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‘An invisible wall is crippling NZ classroom achievement’: experts

Schools and teachers across the country are largely unaware of, and badly equipped to deal with, invisible learning difficulties faced by one in every 10 students in their classrooms, according to a charitable trust working with neurodiverse children. A wide range of invisible brain-based disabilities impact this cohort and hamper learning but are rarely addressed, writing off talent and costing New Zealand dearly in terms of both lost potential and economic burden.[1: McCain, Kelly. Health Care Initiatives, World Economic Forum. Explainer: What is neurodivergence?. October 2022]

Teachers, psychologists and early childhood educators are using Neurodiversity Celebration Week (18-24 March) to highlight these concerns. They are calling for early identification of neurodivergence in the classroom, and for schools and teachers to be better equipped with simple strategies that have been shown to improve educational outcomes for both affected children and neurotypical children.

The trust leading the call, Acorn Neurodiversity, provides support services for neurodivergent children, youth and their whānau. Chief executive Tami Harris said there was an “invisible wall” impacting learning in every New Zealand classroom, that many teachers don’t even know is there.[2: Education Review Office and Office for Disability Issues. Thriving at School? Education for disabled learners at school. Report September 2022.]

“Sometimes, as in the case of the hyperactive/impulsive variant of ADHD, the children can be more easily identified,” Ms Harris said. “But they’re just the tip of the iceberg. I can guarantee that in any classroom, anywhere in New Zealand, there are at least a couple of children who live with some other form of learning difference or disability like ADHD, autism or dyslexia.”

The scary thing, Ms Harris says, is that it’s highly likely to be undiagnosed.

“These young people are going through life wondering what the heck’s wrong with them. Their parents are often at their wits’ end worrying about why they’re falling behind in class or in their social lives. Their teachers are writing them off as lazy or naughty. Yet these are children who, given a diagnosis and the proper supports, could be doing far better at school and realising more of their potential. Not to mention feeling a lot better about themselves.”

Ms Harris illustrates her point with a story about a child with the inattentive type of ADHD.

“This is not a child who rushes around the place disrupting lessons. Typically, this type of ADHD presents as lacking in focus and ‘away with the fairies’, an inability to follow detailed instruction and a tendency to be distracted from set tasks. “Importantly, these are not behavioural shortcomings that can be fixed with conventional teaching or coaching methods – the child has a developmental difference in her brain that renders her physiologically less able than her peers to plan more than one or two steps ahead, to develop a picture in her mind of what she needs to do in order to accomplish a task, and to concentrate on tasks that don’t deliver an immediate dopamine rush.

“But this child will also likely have a keen sense of justice, creativity and a huge EQ. She will hyper-focus on tasks that interest her. These and other attributes could be harnessed to help her achieve in the classroom.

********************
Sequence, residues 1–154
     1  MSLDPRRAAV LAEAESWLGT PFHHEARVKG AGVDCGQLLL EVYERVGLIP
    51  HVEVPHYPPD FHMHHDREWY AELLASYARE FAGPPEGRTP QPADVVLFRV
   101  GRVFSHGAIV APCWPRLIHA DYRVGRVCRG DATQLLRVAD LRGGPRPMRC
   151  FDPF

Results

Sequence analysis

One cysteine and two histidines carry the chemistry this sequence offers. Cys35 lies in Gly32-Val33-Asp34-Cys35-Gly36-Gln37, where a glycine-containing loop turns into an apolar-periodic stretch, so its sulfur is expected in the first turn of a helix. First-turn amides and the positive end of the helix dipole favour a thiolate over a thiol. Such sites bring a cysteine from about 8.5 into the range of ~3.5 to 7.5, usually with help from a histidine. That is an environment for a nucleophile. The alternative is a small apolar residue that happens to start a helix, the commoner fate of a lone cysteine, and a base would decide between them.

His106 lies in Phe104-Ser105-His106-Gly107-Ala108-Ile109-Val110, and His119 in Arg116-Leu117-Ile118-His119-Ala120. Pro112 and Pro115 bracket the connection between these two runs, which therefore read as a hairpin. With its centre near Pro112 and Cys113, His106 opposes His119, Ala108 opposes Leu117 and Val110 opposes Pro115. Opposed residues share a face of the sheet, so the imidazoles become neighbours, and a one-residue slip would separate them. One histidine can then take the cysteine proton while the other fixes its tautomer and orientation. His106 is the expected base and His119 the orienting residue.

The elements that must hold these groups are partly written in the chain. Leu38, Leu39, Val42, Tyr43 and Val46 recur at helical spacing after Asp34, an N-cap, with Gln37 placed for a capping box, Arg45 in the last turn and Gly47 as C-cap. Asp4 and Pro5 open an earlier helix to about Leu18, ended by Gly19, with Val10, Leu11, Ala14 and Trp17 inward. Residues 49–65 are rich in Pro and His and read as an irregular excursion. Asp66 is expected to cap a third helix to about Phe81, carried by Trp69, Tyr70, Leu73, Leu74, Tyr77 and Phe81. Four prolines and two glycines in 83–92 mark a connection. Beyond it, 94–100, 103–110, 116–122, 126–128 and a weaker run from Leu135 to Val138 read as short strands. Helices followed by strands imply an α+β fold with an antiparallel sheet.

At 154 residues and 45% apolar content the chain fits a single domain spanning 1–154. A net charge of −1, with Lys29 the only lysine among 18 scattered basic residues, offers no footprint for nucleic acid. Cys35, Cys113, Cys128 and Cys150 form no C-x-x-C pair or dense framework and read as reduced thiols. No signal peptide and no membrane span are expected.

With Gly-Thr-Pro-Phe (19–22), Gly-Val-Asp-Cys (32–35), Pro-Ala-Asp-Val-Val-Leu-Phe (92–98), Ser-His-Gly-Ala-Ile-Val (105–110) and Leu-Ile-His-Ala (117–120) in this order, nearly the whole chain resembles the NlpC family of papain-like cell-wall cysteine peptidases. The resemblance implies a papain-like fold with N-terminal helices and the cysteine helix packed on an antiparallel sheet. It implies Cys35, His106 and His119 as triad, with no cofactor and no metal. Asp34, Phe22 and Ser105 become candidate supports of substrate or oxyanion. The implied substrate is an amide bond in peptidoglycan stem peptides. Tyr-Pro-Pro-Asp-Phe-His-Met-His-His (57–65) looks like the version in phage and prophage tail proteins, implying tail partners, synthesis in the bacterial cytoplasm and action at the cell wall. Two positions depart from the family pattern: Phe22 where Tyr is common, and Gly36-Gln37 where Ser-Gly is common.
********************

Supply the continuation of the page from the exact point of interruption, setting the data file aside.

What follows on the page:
“But how many teachers know how to do this? And how many would simply write this little girl off as one of life’s losers?”

Acorn has this week written to the Minister of Education, Erica Stanford, and Associate Minister of Education (Charter Schools) David Seymour, calling for an urgent review of the knowledge and skills teachers need in order to identify neurodivergence more effectively when it presents in the classroom, and to engage these children most effectively in order to deliver better educational outcomes.

“This is absolutely worth doing, in our view. One in 10 is a very significant cohort of students in any school. Imagine how much easier it would make teachers’ and parents’ lives if they knew what was going on with these children and how to support them.” Acorn believes that neurodivergent students account for much of New Zealand’s poor statistics around school attendance and engagement. It maintains that the spill-over benefits to society from early identification and intervention include reduced economic burden through a decreased need for special education and long-term residential care, decreased involvement with the justice system and increased resilience and well-being in families. [3: Ministry of Education, Attendance and Engagement Strategy. 2022][4: Banks, Nigel. 2017. Investing in prison education: New approaches to improving educational outcomes and reducing re-offending. The New Zealand Corrections Journal. Volume 5:1]

The Trust’s parent advisory group, a collection of parents and grandparents of neurodivergent children who participate in Acorn programmes, has also submitted an action plan to the education minister for what Ms Harris calls “greatly-needed joined up thinking” between the country’s education, health and disability systems to better cater for the needs of neurodiverse children.

This comprises:

Early identification of autism, ADHD, and learning differences

A clear pathway to assessment and diagnosis

Publicly-funded early support services so that children can learn and reach their potential. A funding model in education that supports a continuum of services and needs, not just two categories

A support system which is responsive to the needs of families and enables choice. Implementation of the Learning Support Action Plan and the 3rd edition Autism Guidelines for children, both of which recommend flexible support and access to specialists.

 

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